While the adage, “It’s the thought that counts,” remains true, putting a little extra thought into group gift etiquette can make the experience better for everyone. Organizing and gifting as a group can be a great way for friends or coworkers to get the recipient a great present, whether that means affording a big-ticket item from a friend’s wedding registry , or acknowledging a colleague’s important life event for a shared cost of only a few dollars per coworker.
At the same time, the process from planning to gifting can be challenging for everyone involved—from the organizer to participants—and that stress can ripple through and affect everyone, even the gift recipient. You want your group gift to promote a positive feeling and spark happy memories for all parties involved, and there are steps you can take to make group gift collection easier on everyone.
Rules of Thumb for Easy Group Gift Etiquette
When arranging a gift pool to split the cost among friends or coworkers, the most important things to consider are fairness and inclusion. While it’s important that everyone is welcome to participate in the special occasion, it is just as important to recognize that not everyone has the same amount to spend—and participation in group gift collections is not a condition of employment or friendship.
- Be open to responses you might not have expected.
It’s totally reasonable for someone to turn down your gift pool collection. Someone may be close friends with the recipient and want to give an individual gift. Someone else might be experiencing tough financial times. Think ahead and make some space for alternative ways people can take part besides splitting the cost—like taking care of the shopping or gift wrapping—and not be left out just because they don’t have the extra 20 dollars (or five, or 50) this time.
- Encourage participants to contribute at a level they feel is fair and comfortable.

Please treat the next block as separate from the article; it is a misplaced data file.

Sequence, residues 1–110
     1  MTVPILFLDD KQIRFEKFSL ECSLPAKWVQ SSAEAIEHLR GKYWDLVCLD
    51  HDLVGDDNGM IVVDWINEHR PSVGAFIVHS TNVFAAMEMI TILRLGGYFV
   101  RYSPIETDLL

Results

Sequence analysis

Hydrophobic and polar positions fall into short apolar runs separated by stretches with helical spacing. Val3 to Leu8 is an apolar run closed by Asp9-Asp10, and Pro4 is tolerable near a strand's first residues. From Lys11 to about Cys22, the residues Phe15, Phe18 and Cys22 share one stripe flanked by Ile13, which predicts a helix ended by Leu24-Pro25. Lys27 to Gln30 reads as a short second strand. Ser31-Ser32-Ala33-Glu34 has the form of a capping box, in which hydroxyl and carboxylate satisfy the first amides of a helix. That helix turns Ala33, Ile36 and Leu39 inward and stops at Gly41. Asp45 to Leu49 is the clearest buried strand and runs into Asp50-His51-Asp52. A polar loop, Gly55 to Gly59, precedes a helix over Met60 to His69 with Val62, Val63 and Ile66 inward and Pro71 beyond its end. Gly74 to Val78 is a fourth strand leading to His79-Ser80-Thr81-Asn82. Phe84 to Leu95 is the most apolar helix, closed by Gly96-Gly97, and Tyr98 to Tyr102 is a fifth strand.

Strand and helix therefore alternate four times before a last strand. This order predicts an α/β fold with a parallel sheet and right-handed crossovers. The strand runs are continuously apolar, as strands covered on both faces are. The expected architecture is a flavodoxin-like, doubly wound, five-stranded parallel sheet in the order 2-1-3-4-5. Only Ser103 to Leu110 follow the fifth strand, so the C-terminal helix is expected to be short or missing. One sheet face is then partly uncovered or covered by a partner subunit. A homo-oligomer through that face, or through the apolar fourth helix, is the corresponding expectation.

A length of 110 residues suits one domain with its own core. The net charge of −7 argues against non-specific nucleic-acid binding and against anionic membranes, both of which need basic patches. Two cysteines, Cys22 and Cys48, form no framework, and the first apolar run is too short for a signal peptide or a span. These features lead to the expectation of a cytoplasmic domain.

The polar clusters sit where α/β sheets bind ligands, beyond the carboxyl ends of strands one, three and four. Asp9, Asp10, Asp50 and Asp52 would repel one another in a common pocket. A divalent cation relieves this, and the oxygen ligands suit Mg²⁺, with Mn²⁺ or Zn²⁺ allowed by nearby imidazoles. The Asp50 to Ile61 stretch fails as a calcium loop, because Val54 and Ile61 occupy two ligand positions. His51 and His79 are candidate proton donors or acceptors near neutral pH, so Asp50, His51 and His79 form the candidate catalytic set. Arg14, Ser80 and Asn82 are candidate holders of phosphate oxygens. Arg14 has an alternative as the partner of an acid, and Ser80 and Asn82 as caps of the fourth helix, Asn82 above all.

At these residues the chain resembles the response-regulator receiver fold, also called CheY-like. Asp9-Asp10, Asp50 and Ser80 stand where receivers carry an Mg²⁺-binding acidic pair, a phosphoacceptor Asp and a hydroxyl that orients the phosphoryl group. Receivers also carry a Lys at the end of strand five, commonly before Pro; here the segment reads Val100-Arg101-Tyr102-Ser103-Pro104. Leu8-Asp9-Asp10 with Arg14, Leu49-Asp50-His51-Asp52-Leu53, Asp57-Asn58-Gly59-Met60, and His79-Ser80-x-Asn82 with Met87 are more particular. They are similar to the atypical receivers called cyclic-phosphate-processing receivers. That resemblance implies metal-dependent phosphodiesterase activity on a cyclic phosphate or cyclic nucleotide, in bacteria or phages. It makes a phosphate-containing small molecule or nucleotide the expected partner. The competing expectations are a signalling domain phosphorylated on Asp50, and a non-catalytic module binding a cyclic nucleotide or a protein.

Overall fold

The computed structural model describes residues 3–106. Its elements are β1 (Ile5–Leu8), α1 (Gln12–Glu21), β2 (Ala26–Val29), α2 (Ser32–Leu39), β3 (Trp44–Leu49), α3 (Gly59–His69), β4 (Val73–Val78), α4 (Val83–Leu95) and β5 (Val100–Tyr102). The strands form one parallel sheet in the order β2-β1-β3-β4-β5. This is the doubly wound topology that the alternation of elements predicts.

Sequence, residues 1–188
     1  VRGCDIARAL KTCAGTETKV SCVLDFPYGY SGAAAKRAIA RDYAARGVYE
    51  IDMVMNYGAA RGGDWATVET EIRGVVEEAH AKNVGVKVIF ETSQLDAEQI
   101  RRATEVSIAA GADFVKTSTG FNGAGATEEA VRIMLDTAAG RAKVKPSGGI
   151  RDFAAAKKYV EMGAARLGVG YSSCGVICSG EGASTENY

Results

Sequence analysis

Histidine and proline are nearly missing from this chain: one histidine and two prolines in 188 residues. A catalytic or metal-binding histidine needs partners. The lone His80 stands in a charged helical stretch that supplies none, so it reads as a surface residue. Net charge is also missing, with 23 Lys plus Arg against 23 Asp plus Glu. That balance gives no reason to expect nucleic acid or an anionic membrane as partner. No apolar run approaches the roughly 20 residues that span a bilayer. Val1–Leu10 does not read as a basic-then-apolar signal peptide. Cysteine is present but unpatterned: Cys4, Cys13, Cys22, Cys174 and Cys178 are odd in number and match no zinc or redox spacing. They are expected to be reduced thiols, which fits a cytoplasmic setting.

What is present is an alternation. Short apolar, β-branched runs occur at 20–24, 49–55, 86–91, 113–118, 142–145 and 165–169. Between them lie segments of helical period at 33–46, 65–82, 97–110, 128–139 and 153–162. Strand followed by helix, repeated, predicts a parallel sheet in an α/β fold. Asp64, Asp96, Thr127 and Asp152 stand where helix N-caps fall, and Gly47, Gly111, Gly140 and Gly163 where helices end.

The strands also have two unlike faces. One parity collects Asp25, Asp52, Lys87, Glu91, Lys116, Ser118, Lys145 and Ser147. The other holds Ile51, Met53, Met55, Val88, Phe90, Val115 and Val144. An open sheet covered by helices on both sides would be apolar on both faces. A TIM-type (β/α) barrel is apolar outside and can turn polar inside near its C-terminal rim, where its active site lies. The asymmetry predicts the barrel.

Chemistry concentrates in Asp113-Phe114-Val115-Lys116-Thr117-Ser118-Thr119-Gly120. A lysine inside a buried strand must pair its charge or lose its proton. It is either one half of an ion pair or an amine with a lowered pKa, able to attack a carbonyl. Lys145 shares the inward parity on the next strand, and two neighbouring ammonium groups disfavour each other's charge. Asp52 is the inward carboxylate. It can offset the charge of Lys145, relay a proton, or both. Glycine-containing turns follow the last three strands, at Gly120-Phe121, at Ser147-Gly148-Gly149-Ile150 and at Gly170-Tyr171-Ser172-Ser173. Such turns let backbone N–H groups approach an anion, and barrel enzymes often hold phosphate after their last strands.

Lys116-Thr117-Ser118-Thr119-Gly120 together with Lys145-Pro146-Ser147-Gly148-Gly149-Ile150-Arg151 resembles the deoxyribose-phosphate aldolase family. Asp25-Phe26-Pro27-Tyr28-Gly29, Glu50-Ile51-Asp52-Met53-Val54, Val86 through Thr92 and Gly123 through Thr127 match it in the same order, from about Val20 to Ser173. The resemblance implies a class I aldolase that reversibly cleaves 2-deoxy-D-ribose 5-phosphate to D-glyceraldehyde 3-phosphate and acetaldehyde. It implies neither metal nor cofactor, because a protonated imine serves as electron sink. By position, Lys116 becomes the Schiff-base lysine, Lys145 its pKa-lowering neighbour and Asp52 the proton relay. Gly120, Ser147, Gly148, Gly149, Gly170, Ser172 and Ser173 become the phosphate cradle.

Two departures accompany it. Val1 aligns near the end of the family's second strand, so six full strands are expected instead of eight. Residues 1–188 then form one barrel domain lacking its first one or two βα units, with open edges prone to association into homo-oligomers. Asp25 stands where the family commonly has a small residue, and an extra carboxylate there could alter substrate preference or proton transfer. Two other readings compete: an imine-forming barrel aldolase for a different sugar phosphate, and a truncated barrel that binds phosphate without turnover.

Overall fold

As the gift organizer, it can be tempting to prescribe a dollar amount for everyone to contribute. But it’s important to consider individuals’ unique financial circumstances. To be compassionate and fair, you can either select and purchase a gift in advance and accept that you may end up contributing more than you’d planned after everyone contributes, or you can accept contributions of any amount and purchase an appropriate gift using the proceeds.
- Make a deadline for contributions, give people advance notice and let everyone know when you plan to give the gift.
Folks on a tight budget might need a few days to come up with the cash for your money collection. And, unlike buttonholing your friends or coworkers for money, giving them a deadline of a week or so shows caring and respect for everyone. You can also use a coffee cup or flowerpot to collect the funds discreetly. This allows participants to give without having their contribution amount scrutinized and also keeps it a secret from the recipient.
- Workplace collection? Make sure your plans comply with company policy.
While a little workplace socializing can be fun, office gift-giving etiquette can vary from workplace to workplace. Some companies have policies in place that ban money collections at work. Make sure you’re aware of any policies on workplace gift-giving before you start a collection. In place of a group gift, some coworkers take time to get together for lunch out of the office.
- It is okay to politely decline.
If you’ve been approached for a gift pool and you need to (or want to) turn it down, the most important thing to remember is kindness. You might have your own gift idea in mind, or you’re low on funds and unable to contribute by the deadline—your reason doesn’t really matter, and you’re under no obligation to take part. What does matter is that you recognize the thoughtfulness of the organizer for including you in the group gift collection and acknowledge the importance of the event in your friend’s or coworker’s life.